The Star-nosed Mole and Our Sense of Touch

Guest post, by Jackie Higgins (@JackieHiggins_)

This extract has been adapted from Jackie Higgins’s new bookSentient: What Animals Reveal about our Senses’. Out now in the UK with Picador and in the USA on 22 February 2022 with Atria.  Higgins considers the human senses through the ears, eyes, skins, noses, tongues and more of other animals: exploring Aristotle’s five senses, from hearing with a great grey owl to taste with a goliath catfish, as well as lesser known senses, such as those of balance and of body, using a cheetah and then an octopus.

The accolade of fastest killer in the animal kingdom goes not to the cheetah, but to a species from the wetlands of the north-eastern United States and eastern Canada. Guinness World Records hail it as the most rapid and voracious mammalian predator. The entry reads, ‘It takes humans 650 milliseconds to respond to a red light when driving’; an eye-blink lasts at most 300 milliseconds, yet this creature can identify, capture and consume its prey in under half this time. One wonders whether its unfortunate quarry even has time to register its fate.  To compound its sinister reputation, it has been compared to H. P. Lovecraft’s famous extra-terrestrial Cthulhu – ‘whose face was a mass of feelers’ – on account of twenty-two blood-engorged, fleshy tentacles that radiate from its nostrils. Yet this furry fiend barely fills a human hand, seldom ventures above ground and poses little threat unless you are an earthworm. Indeed, it is a rather bewitching mammal whose unusual snout gives it the name the star-nosed mole.

Star-nosed mole. Photo by Ken Catania

Nashville, Tennessee is home both to country music and star-nosed research. Ken Catania is the world authority on these moles and based at Vanderbilt University.  ‘It’s hard to imagine a stranger animal,’ he told me, ‘like a creature you might picture emerging from a flying saucer to greet a delegation of curious earthlings.’

As this mole advances down a tunnel, the twenty-two tips of its star move so fast that Catania decided to film them with a highspeed camera.  This enabled him to see the mole identifying and catching prey in as little as 120 milliseconds. ‘A phenomenally short amount of time,’ he told me. ‘I don’t know of any other mammal that comes close to this.’ However, the implications of the footage went beyond mere record-breaking.  Played back in slow motion, it revealed the star’s rays feeling their way through the darkness, moving quickly and independently, touching up to a dozen objects every second. Moreover, whenever one of the first ten pairs encountered a morsel of food, the eleventh, somewhat shrunken pair, would always investigate before passing the prey to the mole’s mouth and its tweezer-like front teeth. The footage showed that the mole’s nose is highly attuned to the sense of touch.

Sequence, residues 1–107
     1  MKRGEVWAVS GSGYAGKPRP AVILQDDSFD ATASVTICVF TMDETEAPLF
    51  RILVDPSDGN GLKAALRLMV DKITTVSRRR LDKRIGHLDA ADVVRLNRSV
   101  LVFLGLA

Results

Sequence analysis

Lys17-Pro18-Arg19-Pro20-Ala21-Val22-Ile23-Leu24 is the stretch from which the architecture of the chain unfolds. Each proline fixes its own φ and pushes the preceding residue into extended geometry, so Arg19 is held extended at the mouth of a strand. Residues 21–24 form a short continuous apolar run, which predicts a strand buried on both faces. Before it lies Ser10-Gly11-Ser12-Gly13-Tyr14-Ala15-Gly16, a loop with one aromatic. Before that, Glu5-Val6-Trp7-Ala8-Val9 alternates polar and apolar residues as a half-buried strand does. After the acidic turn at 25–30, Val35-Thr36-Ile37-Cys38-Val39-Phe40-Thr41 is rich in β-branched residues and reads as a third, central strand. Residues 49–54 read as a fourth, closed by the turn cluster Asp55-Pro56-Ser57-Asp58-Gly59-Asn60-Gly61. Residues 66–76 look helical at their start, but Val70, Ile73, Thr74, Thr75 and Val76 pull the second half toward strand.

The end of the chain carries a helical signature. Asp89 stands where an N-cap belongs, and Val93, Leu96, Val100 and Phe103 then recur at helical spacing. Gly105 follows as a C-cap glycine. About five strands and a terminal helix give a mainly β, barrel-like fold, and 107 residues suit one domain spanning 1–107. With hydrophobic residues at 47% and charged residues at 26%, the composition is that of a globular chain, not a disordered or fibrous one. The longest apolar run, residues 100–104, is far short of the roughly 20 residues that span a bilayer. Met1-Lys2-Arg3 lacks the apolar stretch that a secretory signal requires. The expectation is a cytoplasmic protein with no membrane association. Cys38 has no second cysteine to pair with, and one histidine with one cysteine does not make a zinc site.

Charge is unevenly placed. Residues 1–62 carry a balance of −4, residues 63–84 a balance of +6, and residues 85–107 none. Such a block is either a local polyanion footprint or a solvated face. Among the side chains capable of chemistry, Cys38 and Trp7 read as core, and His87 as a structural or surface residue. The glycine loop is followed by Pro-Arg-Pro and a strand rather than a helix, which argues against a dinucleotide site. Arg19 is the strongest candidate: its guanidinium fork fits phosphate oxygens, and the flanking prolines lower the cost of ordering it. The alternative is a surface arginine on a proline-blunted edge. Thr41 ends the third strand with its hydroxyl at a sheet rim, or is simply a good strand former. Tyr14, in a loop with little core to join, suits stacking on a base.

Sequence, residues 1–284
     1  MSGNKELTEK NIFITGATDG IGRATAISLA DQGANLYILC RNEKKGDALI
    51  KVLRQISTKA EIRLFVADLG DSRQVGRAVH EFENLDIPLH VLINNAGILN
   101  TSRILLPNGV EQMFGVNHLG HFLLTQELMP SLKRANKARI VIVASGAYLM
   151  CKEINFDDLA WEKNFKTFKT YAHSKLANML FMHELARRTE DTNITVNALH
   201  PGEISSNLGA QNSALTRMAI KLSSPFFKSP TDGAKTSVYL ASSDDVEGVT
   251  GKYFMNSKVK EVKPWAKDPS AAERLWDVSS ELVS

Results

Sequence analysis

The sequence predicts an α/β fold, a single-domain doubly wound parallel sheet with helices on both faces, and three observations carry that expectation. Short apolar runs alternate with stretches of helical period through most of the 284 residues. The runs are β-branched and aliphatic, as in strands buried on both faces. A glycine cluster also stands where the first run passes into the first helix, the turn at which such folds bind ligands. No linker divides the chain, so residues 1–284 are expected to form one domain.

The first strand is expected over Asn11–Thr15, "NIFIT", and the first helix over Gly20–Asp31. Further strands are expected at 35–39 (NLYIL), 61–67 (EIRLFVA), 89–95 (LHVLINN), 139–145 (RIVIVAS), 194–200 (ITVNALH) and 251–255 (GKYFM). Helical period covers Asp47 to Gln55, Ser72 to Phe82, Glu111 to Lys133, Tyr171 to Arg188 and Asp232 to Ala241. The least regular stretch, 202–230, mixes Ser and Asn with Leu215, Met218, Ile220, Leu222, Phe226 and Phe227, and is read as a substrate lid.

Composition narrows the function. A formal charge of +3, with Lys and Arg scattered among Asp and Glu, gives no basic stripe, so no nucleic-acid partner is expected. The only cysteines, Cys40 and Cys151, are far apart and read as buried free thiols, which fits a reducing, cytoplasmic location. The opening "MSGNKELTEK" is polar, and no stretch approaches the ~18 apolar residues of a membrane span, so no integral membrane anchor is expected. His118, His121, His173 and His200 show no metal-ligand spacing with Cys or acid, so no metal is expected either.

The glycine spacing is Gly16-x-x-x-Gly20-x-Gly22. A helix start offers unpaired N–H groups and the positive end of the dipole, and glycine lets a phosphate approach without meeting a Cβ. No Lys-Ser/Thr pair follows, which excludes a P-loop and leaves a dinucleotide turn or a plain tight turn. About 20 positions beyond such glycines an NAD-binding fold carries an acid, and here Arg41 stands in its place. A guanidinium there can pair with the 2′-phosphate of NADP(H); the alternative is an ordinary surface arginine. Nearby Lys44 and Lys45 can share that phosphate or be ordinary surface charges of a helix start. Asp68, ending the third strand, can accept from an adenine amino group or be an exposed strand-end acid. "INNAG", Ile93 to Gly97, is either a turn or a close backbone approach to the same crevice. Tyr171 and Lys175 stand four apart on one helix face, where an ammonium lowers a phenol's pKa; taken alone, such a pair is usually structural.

Under a scanning electron microscope, the star emerges as a whole new topographical world. ‘The skin surface becomes a cobbled landscape of tens of thousands of epidermal domes. A beautiful anatomy,’ Catania explained.  Further investigation ascertained that each dome hides various mechanoreceptors. ‘I did a careful check to see if there were any other types of sensors but found nothing else.’ No evidence of electroreceptors, chemoreceptors or any other sensory abilities beyond touch.  Setting himself the unenviable task of counting the domes on a star, Catania tallied on average 25,000: five times more than on a European mole’s nose.  Given each dome is served by around four myelinated nerve fibres, he reached a conservative estimate of 100,000 nerves.  On every count the star-nosed mole surpassed its European cousin by some margin.

We humans pale further in comparison.  According to Catania, ‘The nerve count on the mole’s snout alone adds up to many more touch fibres than one finds on the whole human hand’ – 100,000 to the mole, 17,000 to us – ‘and yet the entire star is only a centimetre across. Imagine having six times the sensitivity of your entire hand concentrated in a single fingertip.’ He concluded that no other mammalian organ known to science is as densely innervated and acutely primed for touch as this snout. ‘Humans may have more diverse ways of feeling with their fingers, but the star-nosed mole has the most sensitive touch organ of any mammal yet discovered.’

The star-nosed mole teaches us much about our sense of touch through an organ we normally associate with our sense of smell. Its celestial nose may be the most sensitive appendage among mammals, but it relies on the very same cells found in our skin and at our fingertips: sensors that bring us the feel of the world beyond. Bach-y-Rita famously said that we do not see with our eyes, but with our brains. Similarly we do not hear with our ears, smell with our noses, taste with our tongues or feel with the sensors in our fingers. Even by this line of logic – with our brain as our body’s all-important sense organ – the mole confounds expectation.  Catania has uncovered the way in which its star is etched across its brain means that its nose, which looks like a hand, in practice acts more like an eye. He said, ‘Some might suggest that the mole’s visual cortex was taken over by touch but there is no line in the brain that says, “Here is where the visual cortex should be.” Think of it another way, somewhere there is a star-nosed mole writing a book on humans and wondering if our strangely large eyes took over all the area that is supposed to be for touch.’  In De Anima Aristotle declared, ‘Man is inferior to many of the animals, but in delicacy of touch he is far superior to the rest.’ Clearly, he was unacquainted with this stellar mole.

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